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Death Anniversary Special: The Story Of Missile Man Abdul Kalam, AKA Maj Gen Prithvi Raj

ANANYA BHATNAGAR | 0
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| July 27 , 2018 , 14:08 IST

July 27 marks the death anniversary of the people’s president and phenomenal scientist and researcher Late Dr. A.P.J Abdul Kalam Azad.

Dr. Abdul Kalam Azad is also known as the missile man of India for his contribution and work on the development of ballistic missile and launch vehicle technology.

He also played a pivotal organizational, technical, and political role in India's Pokhran-II nuclear tests in 1998, the first since the original nuclear test by India in 1974.

The Story Of Major General Prithviraj

On May 11, 1998, the then Prime Minister Atal Bihari Vajpayee announced, “Today at 1545 hrs India conducted three underground nuclear tests in the Pokhran test range. The tests conducted today were with a fission device, a low yield device and a thermonuclear device. The measured yields are in line with expected values. Measurements have also confirmed that there was no release of radioactivity into the atmosphere. I warmly congratulate the scientists and engineers who have carried out the successful tests. Thank you very much indeed."

This speech marked the success of the Pokhran nuclear tests and Major General Prithviraj played a key role in the successful completion of these tests.

ALSO READ: When APJ Abdul Kalam Pioneered Pokhran Nuclear Test

Positioned in Pokhran as an officer of the 58th Engineers Regiment of the Indian Army, Dr Abdul Kalam took the name of Maj Gen Prithviraj. He took this name as he was the team leader of Prithvi missile project which was India’s first nuclear-capable ballistic missile with a range of 150 to 250 kms.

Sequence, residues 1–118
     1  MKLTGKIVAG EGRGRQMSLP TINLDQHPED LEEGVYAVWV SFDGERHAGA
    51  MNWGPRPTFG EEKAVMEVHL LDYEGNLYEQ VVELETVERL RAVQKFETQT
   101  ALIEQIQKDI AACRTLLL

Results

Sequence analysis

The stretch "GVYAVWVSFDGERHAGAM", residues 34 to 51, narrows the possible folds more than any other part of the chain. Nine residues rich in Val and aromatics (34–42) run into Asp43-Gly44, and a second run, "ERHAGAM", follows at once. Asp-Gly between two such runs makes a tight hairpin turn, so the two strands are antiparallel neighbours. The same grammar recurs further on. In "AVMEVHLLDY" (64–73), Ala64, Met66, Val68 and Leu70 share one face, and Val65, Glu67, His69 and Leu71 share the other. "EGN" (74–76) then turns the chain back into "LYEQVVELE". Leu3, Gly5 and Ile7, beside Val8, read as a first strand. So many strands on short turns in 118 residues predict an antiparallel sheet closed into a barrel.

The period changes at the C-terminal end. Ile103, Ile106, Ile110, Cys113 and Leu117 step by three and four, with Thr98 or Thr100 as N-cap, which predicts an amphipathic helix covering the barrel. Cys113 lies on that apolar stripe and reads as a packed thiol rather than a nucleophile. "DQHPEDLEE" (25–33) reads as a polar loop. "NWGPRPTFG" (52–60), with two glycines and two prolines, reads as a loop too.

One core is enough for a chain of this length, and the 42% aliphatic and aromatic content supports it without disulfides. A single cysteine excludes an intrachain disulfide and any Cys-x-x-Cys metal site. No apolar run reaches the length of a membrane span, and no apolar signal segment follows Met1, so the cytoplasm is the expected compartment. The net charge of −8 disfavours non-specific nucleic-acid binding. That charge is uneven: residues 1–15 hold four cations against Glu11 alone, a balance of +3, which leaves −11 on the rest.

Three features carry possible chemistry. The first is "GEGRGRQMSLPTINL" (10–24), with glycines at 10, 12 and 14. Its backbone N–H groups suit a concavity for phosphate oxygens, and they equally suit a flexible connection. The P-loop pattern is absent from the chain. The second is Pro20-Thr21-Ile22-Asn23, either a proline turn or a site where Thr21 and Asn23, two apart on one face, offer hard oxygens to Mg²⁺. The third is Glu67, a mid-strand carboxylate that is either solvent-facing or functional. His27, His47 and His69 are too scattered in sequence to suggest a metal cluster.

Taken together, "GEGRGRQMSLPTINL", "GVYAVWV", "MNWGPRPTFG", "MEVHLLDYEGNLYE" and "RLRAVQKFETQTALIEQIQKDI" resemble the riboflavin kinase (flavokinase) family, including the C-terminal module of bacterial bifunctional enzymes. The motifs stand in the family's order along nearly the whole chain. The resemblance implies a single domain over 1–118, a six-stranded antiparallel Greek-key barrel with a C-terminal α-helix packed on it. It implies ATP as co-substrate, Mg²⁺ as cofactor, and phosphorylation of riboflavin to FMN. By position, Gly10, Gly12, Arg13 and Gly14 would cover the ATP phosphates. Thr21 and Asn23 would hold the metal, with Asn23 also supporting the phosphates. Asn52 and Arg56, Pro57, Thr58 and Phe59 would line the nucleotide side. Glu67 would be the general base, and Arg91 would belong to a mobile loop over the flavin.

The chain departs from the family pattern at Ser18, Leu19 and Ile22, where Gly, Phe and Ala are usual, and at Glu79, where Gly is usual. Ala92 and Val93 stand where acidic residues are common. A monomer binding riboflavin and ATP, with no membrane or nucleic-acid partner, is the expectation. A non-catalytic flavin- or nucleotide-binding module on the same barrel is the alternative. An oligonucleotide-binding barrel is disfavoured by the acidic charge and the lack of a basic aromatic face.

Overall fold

Major General Prithviraj who is better known as the missile man and was also the 11th President of India, he is none other than Late Dr. A.P.J Abdul Kalam Azad.

For the first round of tests, the shafts were given code names such as White House, Taj Mahal and Kubhakaran. The other three shafts for the second test series were named as NT 1, 2, and 3.

The key people involved in this operation codenamed as Operation Shakti were Dr. A. P. J Abdul Kalam (then DRDO Chief & Scientific Advisor To PM), Dr. Rajagopala Chidambaram (then Atomic Energy Chief), Dr. Anil Kakodkar (then Baba Atomic Research Centre (BARC) chief), Brajesh Mishra (then NSA chief) and few politicians including then home minister Lal Krishna Advani.

The bombs were transported in four trucks of the Army under the command of Colonel Umang Kapur, all devices from BARC were relocated at 03:00 hrs on 1 May 1998.

From the Chhatrapati Shivaji International Airport in Mumbai, the bombs were flown in an AN-32 transport plane to the Jaisalmer army base. The devices were then transferred to the Pokhran range in an army convoy of four trucks in three trips

On May 11, 1998, at 1543 hrs three nuclear devices (specifically, Shakti I, II and III) were detonated simultaneously, as measured by international seismic monitors. While May 13, at 1221 hrs, two sub-kiloton devices (Shakti IV and V) were detonated but due to the low yield, these explosions were not detected internationally.

Missile Man

With Kalam's effort, India made advanced missiles during the Indira Gandhi period. Agni and Prithvi missiles were being designed during this time only. Kalam was also part of the Indian National Committee For Space Research (INCOSPAR) committee working under Vikram Sarabhai.

Between the 1970s and 1990s, Kalam made an effort to develop the Polar Satellite Launch Vehicle (PSLV) and SLV-III projects, both of which proved to be successful. Kalam served as the Chief Scientific Adviser to the Prime Minister and also Secretary of the Defence Research and Development Organisation from July 1992 to December 1999.

ALSO READ: Former President APJ Abdul Kalam Passes Away In Shillong

Dr. Kalam took his last breath on July 27, 2015, in Shillong while delivering a lecture at the Indian Institute of Management (IIM), he was rushed to a nearby hospital but was declared dead on arrival.